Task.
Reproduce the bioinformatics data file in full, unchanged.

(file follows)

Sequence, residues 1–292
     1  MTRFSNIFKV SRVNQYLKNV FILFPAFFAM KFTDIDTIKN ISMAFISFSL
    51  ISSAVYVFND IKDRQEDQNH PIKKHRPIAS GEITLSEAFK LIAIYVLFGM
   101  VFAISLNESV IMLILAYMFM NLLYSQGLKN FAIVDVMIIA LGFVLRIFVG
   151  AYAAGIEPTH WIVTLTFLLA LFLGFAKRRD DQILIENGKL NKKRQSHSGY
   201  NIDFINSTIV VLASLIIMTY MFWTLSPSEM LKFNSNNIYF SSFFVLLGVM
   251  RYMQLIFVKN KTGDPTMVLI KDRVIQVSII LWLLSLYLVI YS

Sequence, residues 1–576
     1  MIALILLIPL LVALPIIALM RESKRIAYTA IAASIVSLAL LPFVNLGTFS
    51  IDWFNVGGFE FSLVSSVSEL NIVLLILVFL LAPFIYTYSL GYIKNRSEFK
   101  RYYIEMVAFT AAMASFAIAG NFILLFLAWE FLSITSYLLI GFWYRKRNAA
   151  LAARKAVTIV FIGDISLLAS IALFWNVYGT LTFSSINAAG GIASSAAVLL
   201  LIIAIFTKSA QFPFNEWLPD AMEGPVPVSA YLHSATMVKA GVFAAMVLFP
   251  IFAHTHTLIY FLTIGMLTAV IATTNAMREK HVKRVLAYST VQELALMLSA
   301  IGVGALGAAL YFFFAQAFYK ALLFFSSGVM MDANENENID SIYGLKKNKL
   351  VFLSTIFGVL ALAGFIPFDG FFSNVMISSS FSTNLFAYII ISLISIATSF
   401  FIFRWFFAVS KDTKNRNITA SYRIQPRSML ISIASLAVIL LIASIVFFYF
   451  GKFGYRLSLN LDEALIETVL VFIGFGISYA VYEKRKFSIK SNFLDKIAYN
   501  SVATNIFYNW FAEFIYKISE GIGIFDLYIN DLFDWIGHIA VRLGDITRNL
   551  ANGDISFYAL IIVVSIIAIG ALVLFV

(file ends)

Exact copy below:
Sequence, residues 1–292
     1  MTRFSNIFKV SRVNQYLKNV FILFPAFFAM KFTDIDTIKN ISMAFISFSL
    51  ISSAVYVFND IKDRQEDQNH PIKKHRPIAS GEITLSEAFK LIAIYVLFGM
   101  VFAISLNESV IMLILAYMFM NLLYSQGLKN FAIVDVMIIA LGFVLRIFVG
   151  AYAAGIEPTH WIVTLTFLLA LFLGFAKRRD DQILIENGKL NKKRQSHSGY
   201  NIDFINSTIV VLASLIIMTY MFWTLSPSEM LKFNSNNIYF SSFFVLLGVM
   251  RYMQLIFVKN KTGDPTMVLI KDRVIQVSII LWLLSLYLVI YS

Sequence, residues 1–576
     1  MIALILLIPL LVALPIIALM RESKRIAYTA IAASIVSLAL LPFVNLGTFS
    51  IDWFNVGGFE FSLVSSVSEL NIVLLILVFL LAPFIYTYSL GYIKNRSEFK
   101  RYYIEMVAFT AAMASFAIAG NFILLFLAWE FLSITSYLLI GFWYRKRNAA
   151  LAARKAVTIV FIGDISLLAS IALFWNVYGT LTFSSINAAG GIASSAAVLL
   201  LIIAIFTKSA QFPFNEWLPD AMEGPVPVSA YLHSATMVKA GVFAAMVLFP
   251  IFAHTHTLIY FLTIGMLTAV IATTNAMREK HVKRVLAYST VQELALMLSA
   301  IGVGALGAAL YFFFAQAFYK ALLFFSSGVM MDANENENID SIYGLKKNKL
   351  VFLSTIFGVL ALAGFIPFDG FFSNVMISSS FSTNLFAYII ISLISIATSF
   401  FIFRWFFAVS KDTKNRNITA SYRIQPRSML ISIASLAVIL LIASIVFFYF
   451  GKFGYRLSLN LDEALIETVL VFIGFGISYA VYEKRKFSIK SNFLDKIAYN
   501  SVATNIFYNW FAEFIYKISE GIGIFDLYIN DLFDWIGHIA VRLGDITRNL
   551  ANGDISFYAL IIVVSIIAIG ALVLFV